BARDA’s portfolio of MCMs targeting Ebola includes ZMapp, the experimental drug cocktail of three monoclonal antibodies that came to the world’s attention in August 2014 when several health workers in Liberia and the U.S. became infected with the deadly virus and were treated with the drug under the FDA’s compassionate use program. ZMapp’s monoclonal antibodies are produced in a time-consuming process in tobacco plants at Kentucky Bioprocessing. In September 2014, ZMapp’s developer, Mapp BioPharmaceutical, signed a multiyear contract with BARDA with a base value of $24.9 million to support latestage development and manufacturing of the drug cocktail. In early March 2015, clinical trials of ZMapp began in Liberia. If ZMapp proves safe and effective in clinical trials, hundreds of doses of the drug could be manufactured for wide distribution by the end of 2015.
In addition to providing funding, BARDA has helped Mapp BioPharmaceutical, headquartered in San Diego, improve its processes for purifying the monoclonal antibodies in the cocktail and arranging for Nanotherapeutics/Baxter, a member of the agency’s fill-finish manufacturing network, to deposit ZMapp into vials. The network is one of the BARDA’s core assistant services for the recipients of agency funding and technical support.
Mapp Biopharmaceutical President Larry Zeitlin, Ph.D., said, “BARDA has provided us with access to their manufacturing and regulatory subject matter experts and has been involved along with the NIH and FDA in the design of clinical trials,” he added. “BARDA has been an important and responsive partner.”
MAKING IT ACROSS THE FINISH LINE
Many of BARDA’s industry partners are small biotech companies like Mapp Biopharmaceutical that do not have extensive experience with clinical trials, regulatory submissions, and manufacturing and packaging. BARDA’s core assistance services are designed to help these small companies “make it across the finish line to FDA approval,” said Dr. Robinson.
“BARDA has an excellent track record at partnering with companies to develop drugs and bring them to licensure,” said Dr. Zeitlin.
“BARDA truly tries to help contractors succeed,” added Havey.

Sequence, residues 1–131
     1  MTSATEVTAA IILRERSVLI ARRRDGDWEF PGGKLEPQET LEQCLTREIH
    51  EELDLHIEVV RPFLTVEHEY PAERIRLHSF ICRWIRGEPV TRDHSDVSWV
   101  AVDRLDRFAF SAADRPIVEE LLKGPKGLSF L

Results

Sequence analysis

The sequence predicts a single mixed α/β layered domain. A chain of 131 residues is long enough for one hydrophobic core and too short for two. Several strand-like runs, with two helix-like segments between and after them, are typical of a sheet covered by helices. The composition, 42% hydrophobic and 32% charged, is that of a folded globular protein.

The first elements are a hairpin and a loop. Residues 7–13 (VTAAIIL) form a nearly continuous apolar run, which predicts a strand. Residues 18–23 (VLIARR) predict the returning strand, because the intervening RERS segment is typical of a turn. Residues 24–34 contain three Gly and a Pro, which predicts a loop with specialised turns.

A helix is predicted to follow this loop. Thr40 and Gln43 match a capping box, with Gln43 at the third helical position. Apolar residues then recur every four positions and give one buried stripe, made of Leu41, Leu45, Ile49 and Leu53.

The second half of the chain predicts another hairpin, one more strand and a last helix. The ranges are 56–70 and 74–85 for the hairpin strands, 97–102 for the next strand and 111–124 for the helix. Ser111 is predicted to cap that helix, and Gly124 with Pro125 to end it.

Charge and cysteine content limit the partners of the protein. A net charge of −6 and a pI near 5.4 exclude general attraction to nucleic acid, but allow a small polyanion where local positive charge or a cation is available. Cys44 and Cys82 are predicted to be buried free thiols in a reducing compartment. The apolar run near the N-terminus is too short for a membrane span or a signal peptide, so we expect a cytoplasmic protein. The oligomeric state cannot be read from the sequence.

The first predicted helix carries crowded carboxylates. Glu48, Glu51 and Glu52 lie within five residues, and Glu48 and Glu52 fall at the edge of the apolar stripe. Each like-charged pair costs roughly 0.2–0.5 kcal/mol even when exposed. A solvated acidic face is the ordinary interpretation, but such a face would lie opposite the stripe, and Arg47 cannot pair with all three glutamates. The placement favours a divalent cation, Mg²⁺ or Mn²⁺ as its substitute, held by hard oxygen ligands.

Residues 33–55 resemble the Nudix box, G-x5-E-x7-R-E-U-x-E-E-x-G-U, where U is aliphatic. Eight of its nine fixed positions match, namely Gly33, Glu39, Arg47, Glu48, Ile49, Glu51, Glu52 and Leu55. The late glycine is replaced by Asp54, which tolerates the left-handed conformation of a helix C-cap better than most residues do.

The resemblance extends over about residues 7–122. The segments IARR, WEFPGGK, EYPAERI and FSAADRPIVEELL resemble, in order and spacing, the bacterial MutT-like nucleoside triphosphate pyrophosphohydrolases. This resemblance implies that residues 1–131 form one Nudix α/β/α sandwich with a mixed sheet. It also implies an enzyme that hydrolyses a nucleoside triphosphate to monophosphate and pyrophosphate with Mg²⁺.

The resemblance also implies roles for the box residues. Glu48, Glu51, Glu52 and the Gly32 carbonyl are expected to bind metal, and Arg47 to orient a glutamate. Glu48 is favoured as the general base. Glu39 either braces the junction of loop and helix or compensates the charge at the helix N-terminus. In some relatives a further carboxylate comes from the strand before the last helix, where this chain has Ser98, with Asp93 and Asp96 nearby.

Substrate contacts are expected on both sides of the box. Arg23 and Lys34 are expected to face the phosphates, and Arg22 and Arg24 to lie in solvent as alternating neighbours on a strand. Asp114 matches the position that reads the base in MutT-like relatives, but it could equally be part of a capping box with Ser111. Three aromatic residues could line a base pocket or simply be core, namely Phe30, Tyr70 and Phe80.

In addition to its fill-finishing network of five CMOs, BARDA’s core services include a national network of 17 companies with expertise in lab animal studies, clinical studies network of five CROs, and three Centers for Innovation in Advanced Development and Manufacturing (CIADM).
CIADMs, the centerpiece core service, provide the U.S. with the “nimble and flexible” domestic infrastructure needed to manufacture MCMs under a tight deadline, said Dr. Robinson. By using 21st century technologies, he said, CIADMs can produce 50 million doses of a pandemic flu vaccine within four months of an outbreak. The centers also are required to manufacture vaccines or biologics for public health emergencies such as Ebola and provide workforce training and core services to support the development and production of CBRN MCMs. Each CIADM is a partnership between an academic institution and a pharmaceutical or biotechnology company.
GSK and Texas A&M University System are partners in the $131 million Texas CIADM vaccine manufacturing facility. BARDA’s funding for the facility totals $75 million. When completed, the Texas CIADM will provide GSK with its only U.S.-based facility for developing and manufacturing its pandemic and seasonal flu vaccines. Other current GSK projects with BARDA include developing cell culture-based influenza vaccines for seasonal and pandemic flu, H1N1 vaccine, as well as adjuvanted pandemic influenza vaccines against H7N1, H9N1, and H5N1 influenza. Production of broad-spectrum antibiotics against “superbugs” also is on GSK’s list of BARDA projects, which are supported by $700 million in agency funding.
Like GSK, Emergent BioSolutions has been a BARDA partner since 2007. BARDA funding enables Emergent to manage the agency’s CIADM in Maryland and manufacture millions of doses of BioThrax for the nation’s stockpile. When the company’s new Lansing, MI manufacturing facility is approved by the FDA, Emergent should be able to boost its annual BioThrax production to 20 to 25 million doses from the 7 to 9 million doses now being manufactured. BARDA also is funding Emergent’s evaluation of BioThrax’s effectiveness as a postexposure prophylaxis, as well as three new experimental anthrax products under development at the company.
"The FDA has approved more than 20 BARDAsupported MCMs [medical countermeasures], mostly for pandemic influenza.
Robin Robinson, Ph.D.
Director of BARDA and deputy assistant secretary for preparedness & response at HHS
TIPS FOR EFFECTIVE PARTNERSHIP
Dr. Slaoui of GSK and Havey of Emergent BioSolutions said that the ingredients of an effective partnership with BARDA are:
Havey added, “Typically, the U.S. government requests more than one round of technical and business questions and/ or proposal/application revisions prior to award. Companies must ensure that all required supporting documentation is ready for submission and must have an in-depth understanding of the technical and business terms of the contract or grant.”
As the H1NI flu pandemic of 2009, the H7N9 outbreak of 2013, and the Ebola epidemic of 2014 and 2015 have shown, cancer, cardiovascular diseases, diabetes, and Alzheimer’s disease are not the only health threats to the U.S. population.